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Debtors Can't Void Jr. Mortgages on Underwater Homes, For Now

By Casey C. Sullivan, Esq. | Last updated on

In a unanimous decision released Monday, the Supreme Court held that debtors in bankruptcy cannot void a second mortgage lien on a wholly underwater property. The case was Bank of America v. Caulkett, which involved two debtors who each owned houses with a senior and junior mortgage lien. Both mortgages were underwater meaning that the amount owed on the senior mortgage was higher than the value of the home.

If the houses were sold in bankruptcy, the junior mortgage holder would receive nothing. The families sought to void the junior mortgage liens under section 506 of the Bankruptcy Code, which voids liens that are "not an allowed secured claim."

Dewsnup Decides It

The question before the court was whether or not the junior liens were "allowed secured claims." The families argued that they were not secured claims, since the value of the banks' interest was nil.

The oral arguments saw the Justices torn between two unsavory options, relying on a fairly unpersuasive opinion or allow the second mortgage to be voided through some questionable line drawing, according to Amy Howe for SCOTUSblog. In that case, Dewsnup v. Timm, the Court ruled that when a mortgage lien is worth more than the value of the property, the value of the lien cannot be reduced to the property's market value through bankruptcy.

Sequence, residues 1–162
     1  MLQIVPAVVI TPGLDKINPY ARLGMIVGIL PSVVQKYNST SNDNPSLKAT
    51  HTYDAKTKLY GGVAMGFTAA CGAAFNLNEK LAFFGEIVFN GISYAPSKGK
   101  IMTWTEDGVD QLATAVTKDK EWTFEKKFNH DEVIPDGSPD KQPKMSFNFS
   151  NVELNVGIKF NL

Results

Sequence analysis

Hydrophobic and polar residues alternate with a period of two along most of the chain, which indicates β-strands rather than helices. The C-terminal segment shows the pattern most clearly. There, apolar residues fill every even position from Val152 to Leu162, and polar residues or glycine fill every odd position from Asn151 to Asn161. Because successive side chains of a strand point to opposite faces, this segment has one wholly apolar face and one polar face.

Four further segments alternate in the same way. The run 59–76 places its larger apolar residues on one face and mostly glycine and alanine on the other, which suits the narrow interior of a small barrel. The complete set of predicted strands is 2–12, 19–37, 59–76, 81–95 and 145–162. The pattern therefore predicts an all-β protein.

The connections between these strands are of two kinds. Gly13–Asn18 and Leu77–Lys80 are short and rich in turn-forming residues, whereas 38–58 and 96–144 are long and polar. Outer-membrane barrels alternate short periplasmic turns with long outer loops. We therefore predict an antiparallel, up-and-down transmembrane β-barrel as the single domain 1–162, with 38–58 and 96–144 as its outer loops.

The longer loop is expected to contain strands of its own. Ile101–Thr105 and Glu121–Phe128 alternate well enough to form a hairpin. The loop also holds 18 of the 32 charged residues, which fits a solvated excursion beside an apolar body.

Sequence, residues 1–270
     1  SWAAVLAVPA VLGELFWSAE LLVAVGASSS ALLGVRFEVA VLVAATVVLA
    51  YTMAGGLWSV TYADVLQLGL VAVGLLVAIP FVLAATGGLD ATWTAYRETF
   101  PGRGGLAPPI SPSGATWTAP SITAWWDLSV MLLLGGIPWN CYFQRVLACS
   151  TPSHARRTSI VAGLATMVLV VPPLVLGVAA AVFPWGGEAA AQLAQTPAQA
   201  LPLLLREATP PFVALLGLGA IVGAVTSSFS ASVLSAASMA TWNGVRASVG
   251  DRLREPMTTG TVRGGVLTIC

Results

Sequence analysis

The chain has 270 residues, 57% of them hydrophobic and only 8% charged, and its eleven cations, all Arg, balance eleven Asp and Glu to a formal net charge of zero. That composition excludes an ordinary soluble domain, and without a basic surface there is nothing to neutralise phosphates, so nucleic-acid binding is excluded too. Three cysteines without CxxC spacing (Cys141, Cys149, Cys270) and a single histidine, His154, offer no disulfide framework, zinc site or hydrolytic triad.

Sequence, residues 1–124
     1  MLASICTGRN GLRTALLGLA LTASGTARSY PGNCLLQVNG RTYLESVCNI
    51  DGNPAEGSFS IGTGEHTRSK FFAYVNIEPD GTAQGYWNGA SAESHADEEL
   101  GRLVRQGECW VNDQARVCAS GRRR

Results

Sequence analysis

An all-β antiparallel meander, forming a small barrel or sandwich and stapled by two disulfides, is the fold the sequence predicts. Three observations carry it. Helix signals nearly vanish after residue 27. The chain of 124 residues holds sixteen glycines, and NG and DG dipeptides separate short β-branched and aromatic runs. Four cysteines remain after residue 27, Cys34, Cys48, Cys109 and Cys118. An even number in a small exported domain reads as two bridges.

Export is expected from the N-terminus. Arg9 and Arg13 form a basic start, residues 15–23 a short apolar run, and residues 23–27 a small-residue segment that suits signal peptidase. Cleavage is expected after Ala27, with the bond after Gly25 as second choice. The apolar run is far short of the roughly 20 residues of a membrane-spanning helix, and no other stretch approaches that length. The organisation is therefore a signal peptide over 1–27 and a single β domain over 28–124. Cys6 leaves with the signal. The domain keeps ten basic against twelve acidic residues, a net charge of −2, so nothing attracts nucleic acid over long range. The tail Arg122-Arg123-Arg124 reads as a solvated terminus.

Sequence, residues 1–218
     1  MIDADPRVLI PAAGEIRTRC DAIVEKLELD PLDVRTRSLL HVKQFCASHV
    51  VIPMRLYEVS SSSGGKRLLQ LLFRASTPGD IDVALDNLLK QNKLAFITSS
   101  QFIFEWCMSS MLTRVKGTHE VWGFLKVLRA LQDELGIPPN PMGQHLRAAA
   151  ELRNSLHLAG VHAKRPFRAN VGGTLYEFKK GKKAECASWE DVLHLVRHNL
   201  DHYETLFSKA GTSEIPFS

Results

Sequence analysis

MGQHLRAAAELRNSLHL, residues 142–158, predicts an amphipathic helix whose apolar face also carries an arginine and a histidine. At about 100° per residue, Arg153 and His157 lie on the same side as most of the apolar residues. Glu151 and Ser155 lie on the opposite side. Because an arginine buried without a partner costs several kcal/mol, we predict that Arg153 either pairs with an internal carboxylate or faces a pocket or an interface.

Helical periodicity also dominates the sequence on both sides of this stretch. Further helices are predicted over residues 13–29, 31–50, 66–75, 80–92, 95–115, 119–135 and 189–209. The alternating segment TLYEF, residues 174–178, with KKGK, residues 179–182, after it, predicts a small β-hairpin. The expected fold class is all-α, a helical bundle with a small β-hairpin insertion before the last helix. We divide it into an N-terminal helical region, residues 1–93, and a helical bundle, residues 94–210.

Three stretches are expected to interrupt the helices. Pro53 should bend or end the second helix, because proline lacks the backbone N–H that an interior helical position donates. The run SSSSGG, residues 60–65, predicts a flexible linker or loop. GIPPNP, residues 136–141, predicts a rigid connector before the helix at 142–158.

Unanimously, the Court went with Dewsnup, though it noted that "a straight forward reading of the statute" would lead to the opposite conclusion. Beyond that, the uncertainty expressed at oral arguments seems to have disappeared from Justice Thomas's opinion for the Court. Dewsnup foreclosed that straight forward reading, holding that if a lien had ever been allowed and secured, it does not come under the scope of sec. 506(d). The secured claim was defined by any security interest in the property, regardless of value.

For Now At Least

That's bad news for homeowners stuck with underwater mortgages. However, plenty of advisors recommend strategic defaults on mortgages that are fully underwater, though any default can have lasting consequences.

The debtors might have been in a better position had they took a stronger stand regarding Dewsnup. As Thomas points out, neither debtor argued that the case should be overruled. At three different points, the opinion indicates that Dewsnup might have been wrongly decided. Thomas even includes a lengthy footnote listing criticism of the decision by himself, Scalia and academics -- though the fairly straightforward footnote wasn't joined by Kennedy, Breyer or Sotomayor.

So next time debtors, ask for the overrule. The Court may be ready for it.

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